“Supreme excellence consists of breaking the enemy’s resistance without fighting.”
― Sun Tzu, The Art of War
Jon trudged through snow-covered Philadelphia streets, wondering if Carla would say yes this time to his third and—he swore—final proposal. It was the first real snow of the season, over three inches had fallen in three hours, and Jon wasn’t prepared for the wet walk, his Florsheim shoes slick and porous. The snowfall brought an unusual stillness to the city, and it was the lack of sound that seemed to amplify Jon’s inner thoughts. Carla. The thought of marrying her made Jon’s frozen feet thaw a bit—her Rapunzel hair, the way her clothes smelled like rain, the way she’d avert her eyes from him while they ate, never telling him to close his mouth when he chewed. Jon paused at each intersection, watched as cars and SUVs and buses slid through red lights and stop signs. At every pause, Jon poked a mitten into his coat pocket, feeling around for the tiny white box. Still there. Jon prepared himself for this, his third and final attempt at winning Carla, by immersing himself in the self-help section at Barnes & Noble. He’d found solace in Sun Tzu’s “The Art of War.” When you move, fall like a thunderbolt. He crossed Pierce Street and saw the orangey-glow of Carla’s porch light.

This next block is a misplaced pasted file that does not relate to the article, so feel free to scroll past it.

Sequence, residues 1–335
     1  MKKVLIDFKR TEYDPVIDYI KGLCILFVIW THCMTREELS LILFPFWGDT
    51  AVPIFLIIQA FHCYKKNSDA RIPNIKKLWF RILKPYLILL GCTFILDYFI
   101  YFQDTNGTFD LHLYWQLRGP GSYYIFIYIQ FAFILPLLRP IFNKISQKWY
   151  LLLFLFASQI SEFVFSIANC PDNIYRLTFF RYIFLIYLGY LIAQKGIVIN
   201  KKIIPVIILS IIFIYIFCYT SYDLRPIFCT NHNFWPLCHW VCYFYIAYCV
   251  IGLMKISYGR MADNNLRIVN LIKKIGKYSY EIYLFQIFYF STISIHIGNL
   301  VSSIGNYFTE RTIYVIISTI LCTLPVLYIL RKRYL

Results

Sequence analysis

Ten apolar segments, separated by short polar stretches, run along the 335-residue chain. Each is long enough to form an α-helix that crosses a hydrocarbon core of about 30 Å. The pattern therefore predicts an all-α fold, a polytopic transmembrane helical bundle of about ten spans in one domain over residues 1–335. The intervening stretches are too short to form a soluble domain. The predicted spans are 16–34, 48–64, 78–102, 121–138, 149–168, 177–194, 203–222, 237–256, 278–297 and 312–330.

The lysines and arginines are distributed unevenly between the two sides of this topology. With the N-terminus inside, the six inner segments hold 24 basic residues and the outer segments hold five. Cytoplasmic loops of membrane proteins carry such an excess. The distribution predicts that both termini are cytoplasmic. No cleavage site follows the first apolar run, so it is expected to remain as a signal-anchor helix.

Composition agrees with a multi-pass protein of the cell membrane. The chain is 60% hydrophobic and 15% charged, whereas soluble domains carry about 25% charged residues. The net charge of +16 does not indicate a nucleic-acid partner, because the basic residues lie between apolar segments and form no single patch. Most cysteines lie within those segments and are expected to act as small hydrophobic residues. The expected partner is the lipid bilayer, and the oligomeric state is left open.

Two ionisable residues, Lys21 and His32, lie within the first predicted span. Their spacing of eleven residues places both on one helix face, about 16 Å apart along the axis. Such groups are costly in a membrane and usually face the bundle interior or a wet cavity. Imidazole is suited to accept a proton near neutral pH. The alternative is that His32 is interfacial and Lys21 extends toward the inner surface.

Carla answered the front door, surprised to see Jon’s Peking-duck-shaped bald spot through her peephole. When she opened the door, she saw Jon on one bended knee, a tiny square box in his mittened hands. “Aaaaagh,” Carla screamed, a scream like you’d hear in a Dateline murder reenactment. The doorknob felt frozen to her hand—she slammed the door shut. Later that night, she’d supposed that she should have seen this coming. Jon wasn’t like the others before him, the ones who gave up at any one of Carla’s hundred fake reasons to break up. She called this her fuck off list, most notably successful so far: You smell like maple syrup; You eat peas one at a time; You clump the sugar bowl with your wet coffee spoon. In fact, Jon never asked for a reason why Carla rejected each of his two prior proposals. This, Carla realized, was really weird. “Should we order in some Aloo Gobi?” Jon had asked, immediately after she’d rejected the first proposal. Carla had looked for a hit of sadness in Jon, but there had been nothing. “Sure,” she’d said, knowing that when Jon ate all of the potatoes out of the Aloo Gobi, she wouldn’t say a word about it. They’d eaten takeout Indian food on Carla’s sectional couch while watching a Die Hard movie marathon on TBS. The second proposal had been more of a production. Flavor of India Restaurant. Dine in. Ring in the rice pudding. Jon had simply wiped the ring clean in his saffron-colored napkin, slid it back into his pocket, and proceeded to eat the rice pudding with his signature open-mouthed chew.